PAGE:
Scotland is set to be the hardest hit, while meteorologists predict there is a 40 per cent chance of snowfall in the north.

    Those in England, East Anglia, Wales and the south are also expected to wake up to snow outside their windows.

    AccuWeather's senior meteorologist, Tyler Ros, told the Express: "The threat for snow between November 17-22 looks to be around normal for the time of the year, which is any accumulating snow is likely to occur in the higher elevations of northern England and Scotland."

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    Exact date three days of snow will hit

    THREE days of snow is set to hit the UK later this month, with forecasters warning Brits to brace for an icy plunge.

    Temperatures are set to plummet below zero across the country, making way for the white stuff to fall in just a couple of weeks.

    A cold front is expected to move in around November 20, before three days of snow take hold, according to the latest WXCharts.

    The 72-hour flurry of snow could blanket the UK from November 21, seeing bookies slash the odds on this being the coldest November ever.

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    Explained: Will my boss pay my heating bills?

    If staff have been told to work from home because of severe weather conditions, however, employers are not bound by law to reimburse workers for costs such as heating, lighting and broadband.

    However, you may be able to claim tax relief for additional household costs if you have to work at home on a regular basis.

    You can either claim tax relief on £6 a week from April 6, 2020, or the exact amount of the extra costs you’ve incurred above the weekly amount – but you’ll need evidence such as a receipt, bills or contracts.

    Meanwhile, if bad weather stops you from getting to work, it is largely down to your contract of employment whether you will get paid.

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    How to keep your baby warm this Winter

    AS winter comes around once more – it’s inevitable that temperatures are set to drop.

    Babies aren’t able to care for themselves or put on an extra layer in the same way adults can, so it’s important to keep an eye on them as the weather gets cooler.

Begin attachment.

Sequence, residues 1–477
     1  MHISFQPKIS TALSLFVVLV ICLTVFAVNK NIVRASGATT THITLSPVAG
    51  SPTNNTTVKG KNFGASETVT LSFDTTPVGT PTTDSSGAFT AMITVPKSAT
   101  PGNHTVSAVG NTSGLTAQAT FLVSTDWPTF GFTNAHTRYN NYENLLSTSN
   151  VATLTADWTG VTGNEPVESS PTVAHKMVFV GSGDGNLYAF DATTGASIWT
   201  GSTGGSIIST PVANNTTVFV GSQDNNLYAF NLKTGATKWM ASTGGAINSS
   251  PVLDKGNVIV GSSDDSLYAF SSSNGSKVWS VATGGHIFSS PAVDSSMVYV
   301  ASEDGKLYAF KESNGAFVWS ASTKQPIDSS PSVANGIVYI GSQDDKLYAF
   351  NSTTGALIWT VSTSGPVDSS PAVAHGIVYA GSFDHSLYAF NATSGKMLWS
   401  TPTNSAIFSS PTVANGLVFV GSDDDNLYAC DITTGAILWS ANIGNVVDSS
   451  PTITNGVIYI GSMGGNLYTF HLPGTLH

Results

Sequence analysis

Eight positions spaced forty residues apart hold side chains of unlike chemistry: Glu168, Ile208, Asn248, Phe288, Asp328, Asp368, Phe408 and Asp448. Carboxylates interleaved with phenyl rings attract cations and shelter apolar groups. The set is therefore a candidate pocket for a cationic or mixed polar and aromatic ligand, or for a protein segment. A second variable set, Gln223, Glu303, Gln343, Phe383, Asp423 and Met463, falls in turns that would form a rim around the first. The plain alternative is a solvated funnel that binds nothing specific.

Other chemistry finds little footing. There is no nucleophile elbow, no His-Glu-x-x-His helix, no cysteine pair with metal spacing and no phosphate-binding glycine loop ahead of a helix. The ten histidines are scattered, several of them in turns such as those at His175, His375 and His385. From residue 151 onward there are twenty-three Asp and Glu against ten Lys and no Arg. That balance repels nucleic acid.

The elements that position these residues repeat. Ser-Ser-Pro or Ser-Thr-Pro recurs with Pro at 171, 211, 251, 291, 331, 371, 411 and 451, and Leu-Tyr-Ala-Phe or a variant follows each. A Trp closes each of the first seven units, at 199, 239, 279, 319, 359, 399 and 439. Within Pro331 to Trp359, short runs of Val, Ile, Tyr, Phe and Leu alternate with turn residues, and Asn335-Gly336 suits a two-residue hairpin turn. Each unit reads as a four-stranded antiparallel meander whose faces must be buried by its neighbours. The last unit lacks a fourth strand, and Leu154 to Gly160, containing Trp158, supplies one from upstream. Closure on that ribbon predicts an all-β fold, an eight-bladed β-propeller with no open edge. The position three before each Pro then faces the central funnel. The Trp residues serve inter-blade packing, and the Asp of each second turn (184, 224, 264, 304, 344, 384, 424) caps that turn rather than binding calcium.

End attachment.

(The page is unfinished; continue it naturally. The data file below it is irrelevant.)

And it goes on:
Here are the experts’ top tips:

    1. Skip bath time
    2. Never wear a hat indoors
    3. Know the right time
    4. Feel your baby’s neck
    5. Avoid putting the heating on
    6. Check the cot

    Read more here

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    Government energy grants (continued)

    Though there are currently no grants to support the initial outlay, the domestic renewable heat incentive (RHI) pays a certain amount for each unit of renewable heat generated .

    Exactly how much you can get depends on how much energy you generate.

    Applications for this will close on March 31 next year and you can find out more from the Energy Saving Trust.

    You can also sell back energy to the grid through the Smart Export Guarantee (SEG) from solar panels or wind turbines.

    There are government schemes that can help you save money if you are struggling with energy bills.

    You can read more about them in our guide.

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    Government grants to reduce energy bills

    The Energy Company Obligation Scheme offers grants for improving the energy efficiency of your home.

    The ECO grants are given out by energy suppliers and can help you replace an old boiler, add cavity wall insulation or loft insulation.

    The support ranges from covering some of the cost, to all of it, and can save you hundreds of pounds.

    Which? notes that these can be quite complicated and are aimed mainly at low-income or vulnerable households.

    The consumer website has a guide to what you can get ECO grants and you can see if your eligible for using the calculator at simpleenergyadvice.org.uk.

    If you install a renewable heating system like a heat pump or wood boiler, you could get paid for the energy it produces.

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    Winter warmer (continued)

    Insulation was added to the outside of their four-bed home, which they bought in 2020, and rendered over the top, giving the home a fresh new finish.

    It’s where Katie lives with partner Chris, 49, and their two children aged eight and 10.